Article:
Instead of urgently pushing much needed innovation in the wake of COVID-19 and the climate crisis, some German manufacturers are abusing the current crisis. These manufacturers are paying out hefty dividends to shareholders, punishing their workers by forcing them into – government-supported! – job retention programs (Kurzarbeit). In addition, they are asking for generous government subsidies for ecologically obsolete combustion engine cars and are asking to raise the limit for CO2 emissions from 95g to 140g, so high-profit luxury cars would be promoted beyond common sense.
BMW is a prime example. In 2019, BMW had ~€5B profits, paying a €1,6B dividend to shareholders (€770Mio to the Quandt family alone). All while laying off around 20,000 people of their 134,000-person workforce. These laid off employees—mostly from production lines, but also from R&D—are now in the government-supported job retention program. And, BMW is still asking the German government for further subsidies on cars openly infringing on legal climate crisis measures. This alone may be frivolous enough.
Source of financial data: Süddeutsche Zeitung, Manager Magazin and BMW Financial Reporting
BMW’s business practices are representative of a much bigger problem in the German automotive industry. Despite obvious scientific data about the effects of global warming and the needs to counter the tide, the German automotive industry pursues innovative changes halfheartedly. After 30 years of pioneering by Toyota and 15 years by Tesla, German car makers haven’t designed and brought to market a viable line-up of affordable* renewable energy cars. I am not even speaking of advanced personal mobility concepts with software-driven automation.
*) Porsche’s high-price, electric luxury sedan TAYCAN is cutting-edge, but not what one calls “affordable”.
Mid 1990s, I was an adviser for a forward-looking German mobility consortium — funded by major car companies — by which the industry tested new technologies applying non-fossil energy concepts. In Stuttgart, there were even public busses propelled by fuel cell technology. However, when Saudi Arabia, Kuwait, and UAE started to invest in the industry, the consortium was cancelled. One line stood out of the otherwise very polite termination statement: “…support for petrol projects only”.
Renault Electric Platform
In order to advance Germany’s “Social Market Economy” (Soziale Marktwirtschaft), “social” cannot be replaced by american-style “profit maximation.” Rather, innovative disruption is essential to the economic viability of the German car industry. Ironically, German designers and engineers are among the World’s best and most innovative. I have seen stunning and visionary progressive work from friends and design peers at German car companies. However, their work is typically rejected due to executive cowardice. At best, their innovative designs are presented as “show cars,” yet never reach mass manufacturing.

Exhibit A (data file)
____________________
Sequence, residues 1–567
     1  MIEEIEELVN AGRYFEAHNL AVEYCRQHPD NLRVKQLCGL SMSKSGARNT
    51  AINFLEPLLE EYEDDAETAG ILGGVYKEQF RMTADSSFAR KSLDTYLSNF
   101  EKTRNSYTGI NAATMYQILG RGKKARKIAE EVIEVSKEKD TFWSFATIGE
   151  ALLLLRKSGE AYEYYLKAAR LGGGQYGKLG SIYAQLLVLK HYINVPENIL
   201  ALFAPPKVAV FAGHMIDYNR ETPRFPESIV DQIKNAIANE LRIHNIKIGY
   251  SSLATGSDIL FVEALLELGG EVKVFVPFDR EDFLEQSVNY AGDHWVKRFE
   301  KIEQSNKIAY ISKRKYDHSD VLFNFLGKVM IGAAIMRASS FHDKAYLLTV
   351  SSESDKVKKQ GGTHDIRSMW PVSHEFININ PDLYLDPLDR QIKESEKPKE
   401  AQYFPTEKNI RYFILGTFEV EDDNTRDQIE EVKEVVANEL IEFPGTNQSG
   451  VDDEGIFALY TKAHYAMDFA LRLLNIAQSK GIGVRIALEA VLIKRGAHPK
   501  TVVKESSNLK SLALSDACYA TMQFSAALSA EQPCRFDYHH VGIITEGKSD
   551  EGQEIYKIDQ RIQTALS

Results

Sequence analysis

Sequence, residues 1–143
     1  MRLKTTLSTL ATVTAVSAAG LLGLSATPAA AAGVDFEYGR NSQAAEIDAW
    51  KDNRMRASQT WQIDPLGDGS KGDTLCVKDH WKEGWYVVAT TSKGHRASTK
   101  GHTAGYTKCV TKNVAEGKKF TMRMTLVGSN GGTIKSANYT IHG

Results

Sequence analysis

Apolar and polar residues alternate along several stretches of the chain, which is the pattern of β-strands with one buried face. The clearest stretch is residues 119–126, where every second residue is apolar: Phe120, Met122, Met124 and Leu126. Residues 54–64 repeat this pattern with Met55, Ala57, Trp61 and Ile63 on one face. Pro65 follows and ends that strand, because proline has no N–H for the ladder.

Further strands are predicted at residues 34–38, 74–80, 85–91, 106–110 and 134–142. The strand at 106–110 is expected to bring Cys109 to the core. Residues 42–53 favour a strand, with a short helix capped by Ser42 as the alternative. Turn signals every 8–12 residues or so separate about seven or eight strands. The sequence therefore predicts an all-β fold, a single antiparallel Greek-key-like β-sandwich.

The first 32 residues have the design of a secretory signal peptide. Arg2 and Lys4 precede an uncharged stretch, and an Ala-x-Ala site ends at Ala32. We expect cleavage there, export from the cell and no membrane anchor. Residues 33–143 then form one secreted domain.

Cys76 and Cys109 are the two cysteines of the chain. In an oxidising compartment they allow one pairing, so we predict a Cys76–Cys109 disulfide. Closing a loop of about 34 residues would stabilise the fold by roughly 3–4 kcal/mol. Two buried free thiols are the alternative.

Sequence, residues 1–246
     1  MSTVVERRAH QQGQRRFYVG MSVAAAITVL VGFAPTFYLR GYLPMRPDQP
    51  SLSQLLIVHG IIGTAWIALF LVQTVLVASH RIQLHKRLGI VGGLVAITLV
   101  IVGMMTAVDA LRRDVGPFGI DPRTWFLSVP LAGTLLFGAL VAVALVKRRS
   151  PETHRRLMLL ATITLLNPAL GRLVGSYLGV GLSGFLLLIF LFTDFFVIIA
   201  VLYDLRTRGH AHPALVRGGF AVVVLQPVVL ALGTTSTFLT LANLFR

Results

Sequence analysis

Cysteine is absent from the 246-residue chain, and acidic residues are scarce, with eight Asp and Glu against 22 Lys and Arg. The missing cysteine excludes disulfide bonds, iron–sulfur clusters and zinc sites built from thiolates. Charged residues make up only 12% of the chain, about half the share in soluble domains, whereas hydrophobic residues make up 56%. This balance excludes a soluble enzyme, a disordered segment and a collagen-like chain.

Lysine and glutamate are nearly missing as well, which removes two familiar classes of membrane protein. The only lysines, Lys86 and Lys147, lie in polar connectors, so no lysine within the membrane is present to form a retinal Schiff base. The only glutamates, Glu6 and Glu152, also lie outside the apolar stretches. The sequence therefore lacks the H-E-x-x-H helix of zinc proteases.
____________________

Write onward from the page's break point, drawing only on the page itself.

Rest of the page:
Especially the automotive industry exposes Germany’s Achilles heel. Too many executive boards are driven by pleasing their shareholders only. They are afraid of risk and change, often devoid of human empathy. The same goes for most supervising boards of directors, which are filled with investor-directors plus former CEOs who often cover up their past failures. And this is hurting the suppliers as well, who are mostly family owned “Mittelstand Companies.”
The German government must also change – both at the federal and state level. The COVID-19 crisis requires more than surely needed emergency measures. The backroom cuddling with the automotive industry must stop, and there must be innovation-minded incentives, including lower taxation and research credits. There must be financial incentive for the industry to collaborate seriously with advanced research in autonomous mobility and AI in Silicon Valley and Shenzhen Valley. Instead these companies are abusing their R&D labs here in the Valley as a “fig leaf”. Germany’s key industry is mobility, which now faces epochal changes, it is a matter of new success or past glory. For the shareholders, re-pay eventually received dividends for 2019 and forgo on dividends until 2024. Surplus money must be re-invested into R&D and design. Merger and acquisitions should be done only with 100% cash, zero debt, and no purchasing of own stock.
The wastelands of Motown-Detroit, and the loss of the German electronic high-tech industry 40 years ago are a visible warning. When the then world leader in computing, IBM, focused on “corporate business” despite sweeping technology changes in 1984, Steve Jobs saw “people”.